Site of New York Slave Market – New York, New York - Atlas Obscura

Site of New York Slave Market

Where now stands a 42-story condominium tower of marble, glass and steel was once the central market of New York’s slave trade. 


Now an anonymous condominium, the building stands on a site of one of the financial building blocks of New York City, and one of its greatest shames: the sale and trade of enslaved people. 

In 1626, 11 captives from Congo, Angola, and the island of Sao Tome were brought to New Amsterdam. Over the next 150 years, the New York slave trade grew to be one of the most essential cogs in the triangle trade. Seventy-four Wall Street, on the lot bounded by Water and Pearl Streets, is the most widely accepted address of this auction block.

The first enslaved workers who were brought to the site were tasked with constructing defenses for the small Dutch colony in the form of a wall across the town’s northern frontier. Years later, the wall would be taken down and its fragments used to level the roads and expand the island as landfill. All of the requisite labor was done by enslaved people.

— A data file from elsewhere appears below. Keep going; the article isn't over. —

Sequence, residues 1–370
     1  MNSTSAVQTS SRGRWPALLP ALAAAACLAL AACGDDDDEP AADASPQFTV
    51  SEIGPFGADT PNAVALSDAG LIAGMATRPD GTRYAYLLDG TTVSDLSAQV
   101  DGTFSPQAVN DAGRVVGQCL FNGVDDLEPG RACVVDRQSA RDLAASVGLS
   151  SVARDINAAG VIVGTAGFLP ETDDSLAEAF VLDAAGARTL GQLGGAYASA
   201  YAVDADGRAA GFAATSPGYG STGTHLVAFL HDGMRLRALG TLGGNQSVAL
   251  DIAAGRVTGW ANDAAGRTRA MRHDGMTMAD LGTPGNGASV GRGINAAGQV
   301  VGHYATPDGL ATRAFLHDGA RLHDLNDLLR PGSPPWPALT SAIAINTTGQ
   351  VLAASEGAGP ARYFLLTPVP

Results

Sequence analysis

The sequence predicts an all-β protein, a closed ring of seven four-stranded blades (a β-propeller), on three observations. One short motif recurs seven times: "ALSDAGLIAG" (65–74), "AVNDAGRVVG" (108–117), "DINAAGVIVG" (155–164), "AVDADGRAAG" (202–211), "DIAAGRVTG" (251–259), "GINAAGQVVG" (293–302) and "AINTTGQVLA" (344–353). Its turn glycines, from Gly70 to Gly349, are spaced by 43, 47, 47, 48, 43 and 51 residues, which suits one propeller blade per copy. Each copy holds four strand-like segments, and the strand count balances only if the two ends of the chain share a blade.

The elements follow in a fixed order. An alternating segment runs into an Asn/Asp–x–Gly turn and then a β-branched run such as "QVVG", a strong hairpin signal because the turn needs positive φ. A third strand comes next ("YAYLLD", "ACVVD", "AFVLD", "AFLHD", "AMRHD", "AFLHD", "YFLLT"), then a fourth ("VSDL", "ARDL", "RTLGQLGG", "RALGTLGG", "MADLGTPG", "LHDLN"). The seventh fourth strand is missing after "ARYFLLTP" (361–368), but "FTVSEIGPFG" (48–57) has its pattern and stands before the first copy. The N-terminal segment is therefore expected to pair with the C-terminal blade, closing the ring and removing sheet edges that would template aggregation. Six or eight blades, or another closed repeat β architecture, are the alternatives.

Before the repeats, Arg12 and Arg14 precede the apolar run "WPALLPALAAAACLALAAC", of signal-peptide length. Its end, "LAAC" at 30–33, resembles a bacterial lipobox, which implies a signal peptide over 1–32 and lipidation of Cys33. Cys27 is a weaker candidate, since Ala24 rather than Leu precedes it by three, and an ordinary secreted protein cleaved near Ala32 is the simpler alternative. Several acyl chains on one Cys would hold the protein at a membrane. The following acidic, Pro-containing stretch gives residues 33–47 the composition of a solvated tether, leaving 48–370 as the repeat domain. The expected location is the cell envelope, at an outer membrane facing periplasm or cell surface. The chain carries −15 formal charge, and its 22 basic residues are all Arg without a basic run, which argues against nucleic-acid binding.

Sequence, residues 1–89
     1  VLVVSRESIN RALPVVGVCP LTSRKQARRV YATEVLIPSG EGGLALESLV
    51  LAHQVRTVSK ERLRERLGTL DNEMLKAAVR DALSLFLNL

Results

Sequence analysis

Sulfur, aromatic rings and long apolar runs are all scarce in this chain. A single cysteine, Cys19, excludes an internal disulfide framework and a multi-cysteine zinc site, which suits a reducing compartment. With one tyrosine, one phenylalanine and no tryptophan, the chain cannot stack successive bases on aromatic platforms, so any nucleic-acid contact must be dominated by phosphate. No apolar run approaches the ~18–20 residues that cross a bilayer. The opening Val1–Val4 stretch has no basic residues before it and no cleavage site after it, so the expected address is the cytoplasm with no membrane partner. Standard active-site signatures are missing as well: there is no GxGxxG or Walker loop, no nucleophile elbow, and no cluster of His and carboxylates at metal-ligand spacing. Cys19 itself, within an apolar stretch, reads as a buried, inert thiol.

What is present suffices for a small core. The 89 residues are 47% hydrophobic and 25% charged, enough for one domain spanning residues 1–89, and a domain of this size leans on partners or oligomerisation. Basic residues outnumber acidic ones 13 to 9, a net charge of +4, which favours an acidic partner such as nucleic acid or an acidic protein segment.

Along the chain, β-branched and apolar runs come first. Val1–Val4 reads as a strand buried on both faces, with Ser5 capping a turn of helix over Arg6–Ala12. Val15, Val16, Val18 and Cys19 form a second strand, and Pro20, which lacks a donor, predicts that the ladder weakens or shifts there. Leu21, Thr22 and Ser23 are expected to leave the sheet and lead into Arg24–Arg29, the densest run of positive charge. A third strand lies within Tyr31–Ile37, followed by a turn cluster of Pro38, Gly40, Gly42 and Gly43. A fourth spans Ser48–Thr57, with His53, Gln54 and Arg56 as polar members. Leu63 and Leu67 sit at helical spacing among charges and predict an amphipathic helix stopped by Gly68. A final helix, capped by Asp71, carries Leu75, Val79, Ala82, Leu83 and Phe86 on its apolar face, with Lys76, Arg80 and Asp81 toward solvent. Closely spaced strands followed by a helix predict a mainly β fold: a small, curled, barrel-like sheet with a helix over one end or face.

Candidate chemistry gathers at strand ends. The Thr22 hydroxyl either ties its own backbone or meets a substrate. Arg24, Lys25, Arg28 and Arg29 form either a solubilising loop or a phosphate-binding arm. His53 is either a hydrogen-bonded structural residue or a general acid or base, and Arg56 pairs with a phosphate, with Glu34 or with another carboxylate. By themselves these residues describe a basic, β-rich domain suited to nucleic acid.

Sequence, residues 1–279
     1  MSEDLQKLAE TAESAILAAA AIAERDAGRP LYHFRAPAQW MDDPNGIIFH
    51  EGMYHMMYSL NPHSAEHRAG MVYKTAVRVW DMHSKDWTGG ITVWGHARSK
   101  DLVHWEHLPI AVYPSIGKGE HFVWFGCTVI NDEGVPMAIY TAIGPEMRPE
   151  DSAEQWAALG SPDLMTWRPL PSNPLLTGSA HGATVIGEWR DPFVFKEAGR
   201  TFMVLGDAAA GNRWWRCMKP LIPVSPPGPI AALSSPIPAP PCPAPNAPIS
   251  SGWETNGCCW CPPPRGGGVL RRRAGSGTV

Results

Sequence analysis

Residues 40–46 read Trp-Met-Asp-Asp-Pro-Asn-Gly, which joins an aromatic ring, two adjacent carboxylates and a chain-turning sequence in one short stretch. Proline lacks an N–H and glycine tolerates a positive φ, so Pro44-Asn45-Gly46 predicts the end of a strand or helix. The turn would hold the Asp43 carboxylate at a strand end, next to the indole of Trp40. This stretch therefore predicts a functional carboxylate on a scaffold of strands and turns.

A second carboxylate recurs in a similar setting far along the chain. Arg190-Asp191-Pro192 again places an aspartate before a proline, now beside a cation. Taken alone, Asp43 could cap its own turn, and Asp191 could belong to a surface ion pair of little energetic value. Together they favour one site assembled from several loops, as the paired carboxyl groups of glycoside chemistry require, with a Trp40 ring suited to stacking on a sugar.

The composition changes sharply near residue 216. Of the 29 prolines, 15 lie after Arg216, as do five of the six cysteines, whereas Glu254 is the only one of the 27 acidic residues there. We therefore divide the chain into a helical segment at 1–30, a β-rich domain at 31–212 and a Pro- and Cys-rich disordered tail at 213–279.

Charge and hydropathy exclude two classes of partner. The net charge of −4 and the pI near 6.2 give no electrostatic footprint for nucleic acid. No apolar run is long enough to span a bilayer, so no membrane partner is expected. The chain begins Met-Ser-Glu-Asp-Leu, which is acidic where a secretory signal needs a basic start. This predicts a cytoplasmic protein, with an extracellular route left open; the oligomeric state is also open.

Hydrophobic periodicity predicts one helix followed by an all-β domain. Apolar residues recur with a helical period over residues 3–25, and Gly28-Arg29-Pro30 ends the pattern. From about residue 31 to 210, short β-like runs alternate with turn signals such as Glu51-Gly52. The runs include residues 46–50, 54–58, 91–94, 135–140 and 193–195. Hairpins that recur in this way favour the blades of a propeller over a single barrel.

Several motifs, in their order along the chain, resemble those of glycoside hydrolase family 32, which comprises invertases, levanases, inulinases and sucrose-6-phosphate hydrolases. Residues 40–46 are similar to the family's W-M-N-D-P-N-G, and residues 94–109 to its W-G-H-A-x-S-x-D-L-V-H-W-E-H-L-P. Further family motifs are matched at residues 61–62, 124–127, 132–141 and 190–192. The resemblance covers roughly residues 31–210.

At the start of the 18th century, the corner of Wall and Pearl Street was an open-air market, where enslaved people were unloaded from ships in the nearby East River. At that time, the river was much closer at Water Street, which meant that the enslaved people were bought and sold right under the shadow of their floating prisons. Later development brought a sheltered complex, city oversight and, of course, tax revenue. Enslaved people were sold throughout the city and its surrounding region. In a wider scope, New York positioned itself as the port city where agricultural goods grown by slaves in the South were financed, refined, packaged and shipped around the world. The New York Stock Exchange, just up the street, owes its startup capital to an economy fueled by enslaved people and their labor.

Today, no evidence remains of the New York Slave Market. In June of 2015, the City of New York unveiled a small plaque in the beer garden adjacent to the modern day 74 Wall Street. 

The small plaque memorializing the many thousands of enslaved people who were abducted and sold on what is now 74 Wall Street is roughly the size of a plaque across the street at 74 Wall Street honoring the Livingston family, who owed their political prominence to the wealth they generated from the slave trade. 

The United States currently has no significant national memorial to slavery.

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74 Wall Street between Pearl and William Streets.

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